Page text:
One of the main issues I see when evaluating a business’s culture is the inability, or unwillingness, to acknowledge and address problems. As we all know in our everyday lives, if you don’t acknowledge a problem, you can not change, grow or improve. This can be devastating for a business or organization and it exists more than not.
People don’t quit jobs.
They quit: poor managers, poor compensation, poor culture, lack of growth, and lack of support.
If you are losing your top talent, it’s a sign something needs fixing.– Author Unknown
I saw this on a social media post and it spoke to me. The inability to acknowledge and address problems is a major issue in many organizations. It can lead to a number of problems, including:
Failure to identify and address root causes. If a business doesn’t acknowledge that there’s a problem, it’s unlikely to be able to identify the root cause of the problem. This makes it difficult to implement effective solutions.
Loss of trust and morale. When employees see that their concerns are not being acknowledged, they’re likely to lose trust in their leaders and become demoralized. This can lead to decreased productivity and turnover.
Damage to the brand. If a business’s problems become public knowledge, it can damage the brand’s reputation. This can make it difficult to attract new customers and retain existing ones.
Unfortunately, the blame game happens so much in organizations that often it takes someone from the outside to turn that finger pointing outward to pointing inward. CEO blaming management. Management blaming staff. Staff blaming customers. Stop playing the blame game and start changing.
Here’s how to address a problem:
- Acknowledge the problem exists.
- Address the role you play.
- Figure out what needs to be changed.
- Write out “baby steps” to make change.
- Get all the players involved.
- Map out an action plan and timelines.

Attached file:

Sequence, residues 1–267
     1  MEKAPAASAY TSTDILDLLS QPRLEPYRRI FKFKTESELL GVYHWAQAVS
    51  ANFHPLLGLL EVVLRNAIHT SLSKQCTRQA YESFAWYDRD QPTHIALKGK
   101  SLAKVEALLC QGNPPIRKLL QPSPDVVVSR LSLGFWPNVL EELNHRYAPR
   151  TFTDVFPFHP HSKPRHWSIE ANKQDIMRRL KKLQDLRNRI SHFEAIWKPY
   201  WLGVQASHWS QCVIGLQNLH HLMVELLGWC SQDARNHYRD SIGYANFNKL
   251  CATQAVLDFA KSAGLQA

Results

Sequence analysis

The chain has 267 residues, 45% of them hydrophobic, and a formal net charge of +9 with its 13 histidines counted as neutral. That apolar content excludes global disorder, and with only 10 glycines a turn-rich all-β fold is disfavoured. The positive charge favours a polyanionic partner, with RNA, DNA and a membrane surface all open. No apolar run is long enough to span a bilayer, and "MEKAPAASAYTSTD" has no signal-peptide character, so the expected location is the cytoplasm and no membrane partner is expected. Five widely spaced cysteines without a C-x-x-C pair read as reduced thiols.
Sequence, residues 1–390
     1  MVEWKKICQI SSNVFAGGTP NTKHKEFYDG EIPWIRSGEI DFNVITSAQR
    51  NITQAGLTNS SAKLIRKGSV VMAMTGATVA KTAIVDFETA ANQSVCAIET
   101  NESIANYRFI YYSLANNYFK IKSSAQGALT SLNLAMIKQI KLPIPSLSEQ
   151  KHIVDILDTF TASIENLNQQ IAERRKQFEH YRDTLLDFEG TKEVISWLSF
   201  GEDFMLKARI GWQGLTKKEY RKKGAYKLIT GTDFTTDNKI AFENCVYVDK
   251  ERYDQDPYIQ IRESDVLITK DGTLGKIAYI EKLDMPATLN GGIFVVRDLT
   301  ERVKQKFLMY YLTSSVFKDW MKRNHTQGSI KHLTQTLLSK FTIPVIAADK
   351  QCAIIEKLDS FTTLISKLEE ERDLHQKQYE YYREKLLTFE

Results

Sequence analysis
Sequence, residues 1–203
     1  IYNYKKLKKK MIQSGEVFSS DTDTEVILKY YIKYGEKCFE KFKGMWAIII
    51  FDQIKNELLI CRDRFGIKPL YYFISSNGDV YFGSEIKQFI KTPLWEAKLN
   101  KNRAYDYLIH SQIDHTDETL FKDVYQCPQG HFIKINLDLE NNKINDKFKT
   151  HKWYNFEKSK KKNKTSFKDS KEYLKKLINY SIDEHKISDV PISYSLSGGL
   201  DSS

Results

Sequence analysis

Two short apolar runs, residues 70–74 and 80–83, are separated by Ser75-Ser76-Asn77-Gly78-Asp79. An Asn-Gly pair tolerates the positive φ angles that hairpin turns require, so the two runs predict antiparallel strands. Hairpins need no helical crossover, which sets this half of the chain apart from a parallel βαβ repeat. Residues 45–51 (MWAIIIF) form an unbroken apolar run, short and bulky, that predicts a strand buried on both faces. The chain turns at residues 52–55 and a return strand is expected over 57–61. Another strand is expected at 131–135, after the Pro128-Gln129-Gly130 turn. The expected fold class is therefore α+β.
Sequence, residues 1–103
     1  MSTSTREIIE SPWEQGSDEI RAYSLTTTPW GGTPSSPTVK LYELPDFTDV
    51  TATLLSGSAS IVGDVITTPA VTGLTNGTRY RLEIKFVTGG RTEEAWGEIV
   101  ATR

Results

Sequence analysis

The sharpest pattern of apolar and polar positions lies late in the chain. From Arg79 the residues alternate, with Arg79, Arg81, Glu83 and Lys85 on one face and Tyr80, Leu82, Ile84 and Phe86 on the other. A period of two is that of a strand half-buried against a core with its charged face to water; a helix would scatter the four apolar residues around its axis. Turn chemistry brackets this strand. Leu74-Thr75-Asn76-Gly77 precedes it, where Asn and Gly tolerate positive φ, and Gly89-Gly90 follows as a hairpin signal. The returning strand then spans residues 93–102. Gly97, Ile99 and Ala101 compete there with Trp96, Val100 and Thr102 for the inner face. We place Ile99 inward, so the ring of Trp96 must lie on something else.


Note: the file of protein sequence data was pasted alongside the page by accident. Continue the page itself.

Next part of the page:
You might be saying, “well it’s not that easy!” and yes, you would be right. That is why starting small is important. Especially if an issue has been going on for years and is a systemic problem within the organization.
In one non-profit organization, one of the main problems was staff (made up of mostly late teens/early twenties) would fall back into acting like the youth whom they were responsible for. So I helped them design shirts that would remind them of who they were to the young people they were taking care of. The shirts had the logo in the middle and the following around the logo: Role Model, Teacher, Motivator, Superhero, Mentor, Counselor, Trainer. This way they were reminded everyday of the expectation of them as staff. Small step but big impact.
Creating a culture of problem-solving is not easy, but it’s essential for the long-term success of any business. By acknowledging problems and taking steps to address them, businesses can improve their performance and avoid costly mistakes. Here are some additional tips for creating a culture of problem-solving:
- Set a clear example from the top. Leaders should be open about their own mistakes and demonstrate a willingness to learn from them.
- Reward employees for speaking up and solving problems. When employees are rewarded for their problem-solving skills, it encourages others to do the same.
- Make problem-solving a part of the company’s culture. This means embedding problem-solving principles into the company’s training programs, performance reviews, and decision-making processes.
By following these tips, businesses can create a culture that is open to change, growth, and improvement. See It, Own It, Solve It